• Sep 9, 2014 at 11:42 am

      As you said, the Fed heads may well be “lying,” or rather manipulating the markets with their words, because that’s what they do best. But they DO have two big issues:

      1. Financial instability (when bubbles implode). So if they can deflate these bubbles gradually, or at least keep them from inflating more, they hope they can avert a meltdown.

      2. A glaring lack of tools in their toolbox when the next recession hits. So if they raise interest rates enough until then, they can lower them with great fanfare, and thus have something they can trot out to appear in control and look credible.

      I don’t predict what they’re going to do. I’m just trying to understand what they’re really telling us. And their increasingly loud cacophony, including disagreements among themselves, is pointing to an end of ZIRP, just like it pointed to an end of QE Infinity last year (QE will likely be tapered out of existence this year).

      • Neil
        Sep 9, 2014 at 12:41 pm

        They got the nation addicted to this ZIRP/QE dope. Now that it appears the nation is a junkie, the Fed is getting a little concerned and wants to wean us off of the stuff. It wants us to keep feeling good, but without the drugs. This is a tricky endeavour. Withdrawal can be a real drag, possibly fatal to the junkie. Coming off of the stuff can be more painful than anything a man has ever experienced. So what is the Fed, who is concerned, by the way, going to do when they raise rates and then find the nation in the fetal position, puking on the floor and shaking like a leaf in the wind? Well, look at what they did in 2008 and you will find your answer. You see, when the DJIA starts losing 300, 400, 500+ points on a daily basis, the Fed isn’t going to see a junkie going through the cleansing process of withdrawal, it is going to see a sick patient in need of more oxycodone. The Fed will ease. The market knows this. The Fed knows this, but wants to pretend that it’s a tough parent, when in reality, they are the parents who throw summer beer parties for high school junkies.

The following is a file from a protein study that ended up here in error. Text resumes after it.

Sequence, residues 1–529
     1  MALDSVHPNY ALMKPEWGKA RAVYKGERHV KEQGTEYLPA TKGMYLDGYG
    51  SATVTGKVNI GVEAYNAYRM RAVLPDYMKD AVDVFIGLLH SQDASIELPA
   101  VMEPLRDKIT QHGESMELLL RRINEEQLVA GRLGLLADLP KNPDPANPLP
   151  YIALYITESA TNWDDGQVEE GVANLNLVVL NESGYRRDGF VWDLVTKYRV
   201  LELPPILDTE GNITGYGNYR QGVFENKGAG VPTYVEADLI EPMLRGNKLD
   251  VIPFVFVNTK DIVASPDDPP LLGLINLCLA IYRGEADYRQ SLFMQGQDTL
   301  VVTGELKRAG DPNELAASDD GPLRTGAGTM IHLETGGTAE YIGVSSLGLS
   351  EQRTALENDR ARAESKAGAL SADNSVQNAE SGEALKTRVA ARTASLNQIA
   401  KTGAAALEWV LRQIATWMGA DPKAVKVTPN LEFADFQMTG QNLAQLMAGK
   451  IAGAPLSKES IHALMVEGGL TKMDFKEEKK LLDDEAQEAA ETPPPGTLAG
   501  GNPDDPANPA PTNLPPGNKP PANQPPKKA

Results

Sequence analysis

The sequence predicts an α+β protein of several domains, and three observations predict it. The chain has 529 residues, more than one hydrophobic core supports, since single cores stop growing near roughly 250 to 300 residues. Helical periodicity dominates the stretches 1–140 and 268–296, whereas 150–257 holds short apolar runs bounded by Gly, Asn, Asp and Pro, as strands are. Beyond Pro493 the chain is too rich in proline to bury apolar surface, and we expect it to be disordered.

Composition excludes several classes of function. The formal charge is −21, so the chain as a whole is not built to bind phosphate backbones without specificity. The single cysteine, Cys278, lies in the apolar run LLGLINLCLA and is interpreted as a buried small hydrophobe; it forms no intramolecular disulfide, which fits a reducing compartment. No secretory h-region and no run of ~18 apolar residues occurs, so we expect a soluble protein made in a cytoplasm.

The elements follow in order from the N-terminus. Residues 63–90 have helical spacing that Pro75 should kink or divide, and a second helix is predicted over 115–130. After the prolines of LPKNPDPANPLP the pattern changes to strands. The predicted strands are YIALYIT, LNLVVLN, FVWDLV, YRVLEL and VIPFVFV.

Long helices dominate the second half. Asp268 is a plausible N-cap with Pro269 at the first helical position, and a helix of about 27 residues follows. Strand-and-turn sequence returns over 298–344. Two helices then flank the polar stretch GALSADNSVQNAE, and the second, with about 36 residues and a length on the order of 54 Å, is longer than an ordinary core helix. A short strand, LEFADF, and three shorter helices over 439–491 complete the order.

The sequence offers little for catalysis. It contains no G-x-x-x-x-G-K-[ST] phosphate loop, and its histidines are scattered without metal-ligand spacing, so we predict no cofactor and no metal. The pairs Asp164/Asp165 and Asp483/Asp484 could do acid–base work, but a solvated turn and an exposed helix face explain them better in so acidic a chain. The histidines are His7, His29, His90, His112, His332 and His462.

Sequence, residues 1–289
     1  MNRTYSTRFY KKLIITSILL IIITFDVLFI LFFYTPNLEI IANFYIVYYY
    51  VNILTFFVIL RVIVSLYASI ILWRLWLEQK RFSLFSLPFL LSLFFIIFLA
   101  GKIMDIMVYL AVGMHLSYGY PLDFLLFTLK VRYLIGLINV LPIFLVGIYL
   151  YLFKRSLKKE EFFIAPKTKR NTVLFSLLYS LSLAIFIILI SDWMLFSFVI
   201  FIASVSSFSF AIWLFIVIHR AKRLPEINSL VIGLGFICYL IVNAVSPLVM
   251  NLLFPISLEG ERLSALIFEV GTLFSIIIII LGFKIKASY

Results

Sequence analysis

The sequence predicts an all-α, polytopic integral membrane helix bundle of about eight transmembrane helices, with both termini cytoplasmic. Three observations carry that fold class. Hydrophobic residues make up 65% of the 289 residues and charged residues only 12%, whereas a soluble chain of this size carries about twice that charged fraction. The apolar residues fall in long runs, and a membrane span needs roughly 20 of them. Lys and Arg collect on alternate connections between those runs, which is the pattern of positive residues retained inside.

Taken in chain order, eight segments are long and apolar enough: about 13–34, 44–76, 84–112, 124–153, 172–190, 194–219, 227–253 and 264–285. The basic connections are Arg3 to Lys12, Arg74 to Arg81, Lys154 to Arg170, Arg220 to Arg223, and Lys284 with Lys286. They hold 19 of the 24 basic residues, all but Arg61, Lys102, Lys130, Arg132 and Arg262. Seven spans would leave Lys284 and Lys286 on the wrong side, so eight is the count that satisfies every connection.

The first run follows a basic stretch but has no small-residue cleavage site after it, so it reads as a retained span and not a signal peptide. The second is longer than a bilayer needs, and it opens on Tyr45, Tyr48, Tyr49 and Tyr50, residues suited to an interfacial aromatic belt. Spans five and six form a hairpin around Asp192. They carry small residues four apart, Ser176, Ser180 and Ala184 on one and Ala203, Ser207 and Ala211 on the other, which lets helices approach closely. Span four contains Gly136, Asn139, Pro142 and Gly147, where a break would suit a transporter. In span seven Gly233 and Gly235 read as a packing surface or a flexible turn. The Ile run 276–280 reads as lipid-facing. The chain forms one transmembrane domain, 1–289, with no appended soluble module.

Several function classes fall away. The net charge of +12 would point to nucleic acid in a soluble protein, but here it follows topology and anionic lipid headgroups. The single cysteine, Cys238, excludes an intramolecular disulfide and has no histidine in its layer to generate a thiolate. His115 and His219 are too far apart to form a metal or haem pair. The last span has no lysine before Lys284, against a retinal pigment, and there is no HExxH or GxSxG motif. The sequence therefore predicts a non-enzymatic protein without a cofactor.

• VegasBob
        Sep 9, 2014 at 12:42 pm

        I agree with you that the Fed heads are trying in some manipulative fashion to head off the next meltdown. And like you, I spend a lot of time trying to figure out what these clowns are really planning to do.

        This issues you identify are big ones.

        The problem with bubbles is that they keep inflating until they don’t. Then they explode. I’m not sure it’s possible to let the air from a financial bubble hiss out gently. My analogy is that when people want to leave a burning building, all of them generally rush to the exit door at the same time, and a significant number of them wind up trapped inside and dying.

        I think the Fed is being forced to end its QE programs for a variety of reasons. First, there’s no empirical evidence to suggest that the money-printing regime has been materially beneficial or stimulative to the economy as a whole. What has happened is entirely predictable. Asset prices have exploded higher, while the formerly middle class has been stuck with the inflation bill in their rent, food and energy costs. Also, It gets pretty hard to justify a trillion a year of money printing to buy bonds when annual Federal deficits are down to the 500-600 billion range. Lastly, the low interest rates that result from the Fed holding a huge percentage of longer-term Treasury securities wreak havoc upon life insurance and annuity companies and cause a serious shortage of collateral for overnight repos in the banking system.